Wednesday, January 16, 2013


Sue Coleman- Vancouver Island, Canada

In several blogs last year I told you about the Shaw 4-H Birding Club's project on crows. This year they are doing their project on the Steller's Jay.  The kids built a blind where they can observe the jays at feeding time.

The Blind

Each child is assigned certain behaviors to watch for, such as aggressiveness with other birds, their vocalizations, and what  they eat. And of course they record the weather, time of day, and other variables. This study helps the children in observation, preparing them for other aspects in their lives. I am grateful to a grandmother and a father who taught me at a young age to observe interactions in nature.

But what of this colorful, striking, noisy bird?  In the northwest we have a species different from other areas of the west. It is in the corvid family, the same as our friends the crows and ravens.

Aidan in blind

This jay is named after the German naturalist Georg Wilhelm Steller,  first discovered on a Russian boat in Alaska in 1741. In 1788 a scientist named the bird after Steller. He also named two other animals after him: the Steller’s Sea Lion (which lives locally in our cold seas) and the Steller’s Sea Eagle.

This striking bird has a long, prominent, shaggy crest on its head and a long tail. The top of its body is black which extends midway down its back with the rest of the body and wings an iridescent blue.

Photo- W. Ammann

Steller Jays love the coniferous and mixed forest wilderness spending much of their time exploring the forest canopy, flying slowly as if they float.  They can often be seen sitting quietly in treetops, surveying the surroundings. When the children first come to the blind, small birds immediately come for the food which we put out, but the jays hang back watching high in the tree tops.  After as long as five minutes, and  no movement in the blind, they soar down to the feeding area, landing amidst the smaller birds (sparrows, towhees, juncos).

The Steller's Jay feeds on insects, other birds' eggs and nestlings, nuts, seeds, bread, acorns, and berries.  They are also frequent visitors of campground picnic sites. They hoard food, such as acorns, seeds and nuts in caches around their territory for the dark winter days.

I have warned the children not to always believe what they read but to study more than one source of information for their studies. For example, many sites say that the Steller's Jays are found in the western portion of North America, at elevations of 3,000-10,000 feet. Well, we happen to be 50 ft. above sea level!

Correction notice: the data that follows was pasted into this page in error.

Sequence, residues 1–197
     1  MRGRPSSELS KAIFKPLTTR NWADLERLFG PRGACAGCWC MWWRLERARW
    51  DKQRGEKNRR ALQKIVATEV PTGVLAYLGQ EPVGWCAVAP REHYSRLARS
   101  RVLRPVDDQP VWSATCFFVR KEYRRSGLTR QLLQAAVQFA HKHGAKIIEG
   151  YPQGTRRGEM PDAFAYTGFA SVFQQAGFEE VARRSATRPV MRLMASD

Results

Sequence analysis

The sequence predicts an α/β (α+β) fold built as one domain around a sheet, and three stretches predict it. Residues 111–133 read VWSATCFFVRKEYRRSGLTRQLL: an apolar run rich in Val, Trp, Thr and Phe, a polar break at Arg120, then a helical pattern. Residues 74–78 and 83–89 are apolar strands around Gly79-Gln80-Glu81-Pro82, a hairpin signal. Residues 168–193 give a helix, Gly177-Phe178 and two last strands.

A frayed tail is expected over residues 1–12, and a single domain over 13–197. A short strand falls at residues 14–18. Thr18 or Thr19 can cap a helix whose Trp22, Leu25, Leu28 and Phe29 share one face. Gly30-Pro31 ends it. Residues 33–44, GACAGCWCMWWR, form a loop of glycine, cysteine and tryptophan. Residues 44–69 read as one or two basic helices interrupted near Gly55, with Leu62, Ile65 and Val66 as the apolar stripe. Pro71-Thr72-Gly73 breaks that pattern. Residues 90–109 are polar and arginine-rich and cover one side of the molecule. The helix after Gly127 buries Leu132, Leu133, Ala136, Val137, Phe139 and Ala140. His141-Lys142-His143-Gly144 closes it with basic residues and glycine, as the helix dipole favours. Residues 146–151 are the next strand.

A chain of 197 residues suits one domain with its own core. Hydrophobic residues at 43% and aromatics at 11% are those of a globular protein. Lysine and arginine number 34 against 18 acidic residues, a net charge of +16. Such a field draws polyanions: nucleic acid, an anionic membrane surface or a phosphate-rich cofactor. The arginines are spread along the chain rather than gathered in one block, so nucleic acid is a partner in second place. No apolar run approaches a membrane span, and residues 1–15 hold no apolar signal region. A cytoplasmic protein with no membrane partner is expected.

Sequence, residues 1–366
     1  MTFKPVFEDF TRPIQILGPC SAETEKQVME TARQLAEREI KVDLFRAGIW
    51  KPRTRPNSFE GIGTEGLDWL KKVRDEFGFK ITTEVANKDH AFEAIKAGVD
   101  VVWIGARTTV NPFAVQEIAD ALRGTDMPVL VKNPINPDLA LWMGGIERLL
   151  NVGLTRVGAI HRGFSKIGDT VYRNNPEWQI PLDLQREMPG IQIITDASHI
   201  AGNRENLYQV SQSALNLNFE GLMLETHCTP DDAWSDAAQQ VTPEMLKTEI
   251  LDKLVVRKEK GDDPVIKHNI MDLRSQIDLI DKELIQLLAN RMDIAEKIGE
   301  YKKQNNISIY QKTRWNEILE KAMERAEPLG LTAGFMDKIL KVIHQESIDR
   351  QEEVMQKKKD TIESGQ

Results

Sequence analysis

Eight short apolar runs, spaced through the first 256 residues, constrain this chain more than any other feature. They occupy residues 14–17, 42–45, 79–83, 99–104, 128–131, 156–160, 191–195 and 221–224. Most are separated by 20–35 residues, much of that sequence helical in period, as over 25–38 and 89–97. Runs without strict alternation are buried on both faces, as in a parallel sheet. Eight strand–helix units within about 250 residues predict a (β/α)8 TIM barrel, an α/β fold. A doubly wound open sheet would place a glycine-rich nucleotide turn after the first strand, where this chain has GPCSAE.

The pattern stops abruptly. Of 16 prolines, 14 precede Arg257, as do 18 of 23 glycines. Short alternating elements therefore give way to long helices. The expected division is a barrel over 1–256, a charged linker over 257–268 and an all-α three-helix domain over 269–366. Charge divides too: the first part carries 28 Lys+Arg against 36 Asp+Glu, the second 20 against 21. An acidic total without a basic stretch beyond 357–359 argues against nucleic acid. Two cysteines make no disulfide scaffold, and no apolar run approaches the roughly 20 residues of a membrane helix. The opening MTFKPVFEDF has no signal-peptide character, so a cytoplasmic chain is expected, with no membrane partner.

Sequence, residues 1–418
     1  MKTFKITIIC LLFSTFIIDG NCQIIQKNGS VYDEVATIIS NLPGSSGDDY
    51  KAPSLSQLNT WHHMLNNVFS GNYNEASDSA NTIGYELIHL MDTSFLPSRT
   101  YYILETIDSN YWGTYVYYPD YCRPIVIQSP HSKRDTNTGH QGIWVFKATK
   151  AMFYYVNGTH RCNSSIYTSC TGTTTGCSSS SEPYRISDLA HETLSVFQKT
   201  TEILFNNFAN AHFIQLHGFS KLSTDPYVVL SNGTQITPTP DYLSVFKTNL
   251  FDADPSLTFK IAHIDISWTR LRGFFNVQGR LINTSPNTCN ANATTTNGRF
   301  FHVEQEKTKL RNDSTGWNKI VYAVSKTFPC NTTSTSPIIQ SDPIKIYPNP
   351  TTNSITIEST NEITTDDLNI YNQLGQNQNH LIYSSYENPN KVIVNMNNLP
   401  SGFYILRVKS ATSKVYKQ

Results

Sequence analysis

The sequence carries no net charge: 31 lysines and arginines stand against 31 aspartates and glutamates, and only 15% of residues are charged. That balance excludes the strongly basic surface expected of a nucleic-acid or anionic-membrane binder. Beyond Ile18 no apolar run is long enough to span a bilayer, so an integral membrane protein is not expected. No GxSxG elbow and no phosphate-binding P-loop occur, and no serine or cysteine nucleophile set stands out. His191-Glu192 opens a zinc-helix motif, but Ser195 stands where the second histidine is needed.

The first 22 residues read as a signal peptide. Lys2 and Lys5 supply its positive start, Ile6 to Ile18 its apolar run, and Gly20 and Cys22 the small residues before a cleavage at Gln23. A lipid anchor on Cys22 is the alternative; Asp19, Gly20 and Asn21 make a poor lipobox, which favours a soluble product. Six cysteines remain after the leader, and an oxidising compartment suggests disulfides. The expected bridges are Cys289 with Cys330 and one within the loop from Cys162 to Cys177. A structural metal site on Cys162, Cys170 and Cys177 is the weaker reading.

These jays have complex social hierarchies and dominance patterns. They are very social birds, traveling in groups, sometimes playing with or chasing each other, or joining mixed-species flocks, often instigating the mobbing of predators and other possibly dangerous intruders. We think we have two local families, the one at our feeder area comprises eight. Interestingly, some of the islands near us do not have any jays and the birders there are very jealous of ours!.

The Steller's Jay has been described as bold, inquisitive, intelligent and noisy. They have many vocalizations and can imitate the eagle, red-tailed hawk, even dogs, roosters, and certain mechanics, such as a lawn mower. They scold (when food is not put out on time), squawk, scream, whistle, and make other noises which would scare anyone walking in the woods who did not know this sound was from a bird.

Northwest Native Americans have made many totem poles with the Steller's Jay as a little look out bird perched right on top. There are stories specifically about the Steller's Jay in mythology. “He is the message of hope in disrepair and the will to live. The jay is willing to teach you fearlessness, adaptability and survival but you must be willing to follow its lead.”  For the NW Natives the jay reflects lessons in how to use personal power correctly and efficiently. They remind us to pay attention and not allow ourselves to be placed in a position in which power is misused against us. Those with jay as a totem need to heed this warning.

The Makahs tell a story about how the Steller's Jay (Kwish-kwishee) got its crest. The mink ( Kwahtie) tried to shoot a jay with an arrow but missed so the crest is ruffled to this day.

Duane Pasco- Poulsbo, WA
We will keep you updated on the project. At present the children are most interested in the way our local jays get along with other smaller birds- again going against most literature on the species.

Duane Pasco

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